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EP100 Functional improvement and frequency of neuropathic pain in patients with chronic low back pain using standardized tools: a prospective observational study
  1. Ali Sarfraz Siddiqui,
  2. Zainab Shabbir,
  3. Shemila Abbasi and
  4. Gauhar Afshan
  1. Anaesthesiology, Aga Khan University, Karachi, Pakistan


Background and Aims Patients with chronic low back pain (CLBP) are usually older adults and pain is difficult to manage. The aim of the study was to evaluate functional improvement after pain management using Oswestry disability assessment tool and to know the frequency of neuropathic pain using Douleur Neuropathic 4 (DN4) tool in patients with CLBP.

Methods After approval from the Institutional ERC, all patients of both gender with chronic LBP presenting to pain clinic were included in this study, after written and informed consent. Data were obtained from patient’s medical records and interviews of patients using Douleur DN4 Neuropathic Questionnaires and Oswestry Low Back Pain Disability Questionnaire on the initial and follow-up visits till six months and recorded in a data collection form.

Results A total of eighty-seven patients completed the study and follow-up period to six months, of which 54 (62.1%) were Female. All patients had low back pain and the median duration of pain was 18 months. There was a statistically significant functional improvement (p <0.001) observed after pain management between initial visit and after six months using Oswestry disability index (ODI) (ODI value = 50.1 ± 14.7 vs 23.1 ± 14.1) and there is 53.89% reduction in pain. Using Douleur Neuropathic 4 (DN4) tool neuropathic pain was present in 35 (40.2%) patients with chronic low back pain.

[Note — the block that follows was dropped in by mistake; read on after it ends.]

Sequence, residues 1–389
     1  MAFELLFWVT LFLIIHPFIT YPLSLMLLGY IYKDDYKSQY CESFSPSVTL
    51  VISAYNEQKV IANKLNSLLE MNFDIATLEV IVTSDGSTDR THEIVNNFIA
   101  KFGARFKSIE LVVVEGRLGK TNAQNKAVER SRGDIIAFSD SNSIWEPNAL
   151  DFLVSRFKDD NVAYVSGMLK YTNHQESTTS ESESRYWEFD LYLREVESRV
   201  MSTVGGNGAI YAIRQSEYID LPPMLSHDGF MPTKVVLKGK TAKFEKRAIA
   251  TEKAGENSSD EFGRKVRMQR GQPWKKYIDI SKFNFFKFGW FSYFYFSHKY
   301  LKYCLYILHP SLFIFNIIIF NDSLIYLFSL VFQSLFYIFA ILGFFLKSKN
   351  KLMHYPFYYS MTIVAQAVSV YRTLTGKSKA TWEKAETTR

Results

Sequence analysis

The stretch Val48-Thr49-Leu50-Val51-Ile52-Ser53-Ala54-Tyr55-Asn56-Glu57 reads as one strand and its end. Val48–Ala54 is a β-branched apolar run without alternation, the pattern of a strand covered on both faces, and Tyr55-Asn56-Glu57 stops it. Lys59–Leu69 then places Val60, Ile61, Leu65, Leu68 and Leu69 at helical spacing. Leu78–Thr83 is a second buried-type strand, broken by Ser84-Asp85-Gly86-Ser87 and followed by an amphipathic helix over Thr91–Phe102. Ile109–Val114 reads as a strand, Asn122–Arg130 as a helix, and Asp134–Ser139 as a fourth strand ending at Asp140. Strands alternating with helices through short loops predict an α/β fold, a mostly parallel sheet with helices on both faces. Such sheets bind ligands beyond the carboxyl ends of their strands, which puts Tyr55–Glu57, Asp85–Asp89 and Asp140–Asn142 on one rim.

Conclusions Statistically significant functional improvement (p <0.001) was observed after pain management using the Oswestry disability index and the frequency of neuropathic pain using DN4 tool in patients with chronic low back pain was 40.2%.


  • Pain management
  • chronic low back pain
  • functional improvement
  • neuropathic pain

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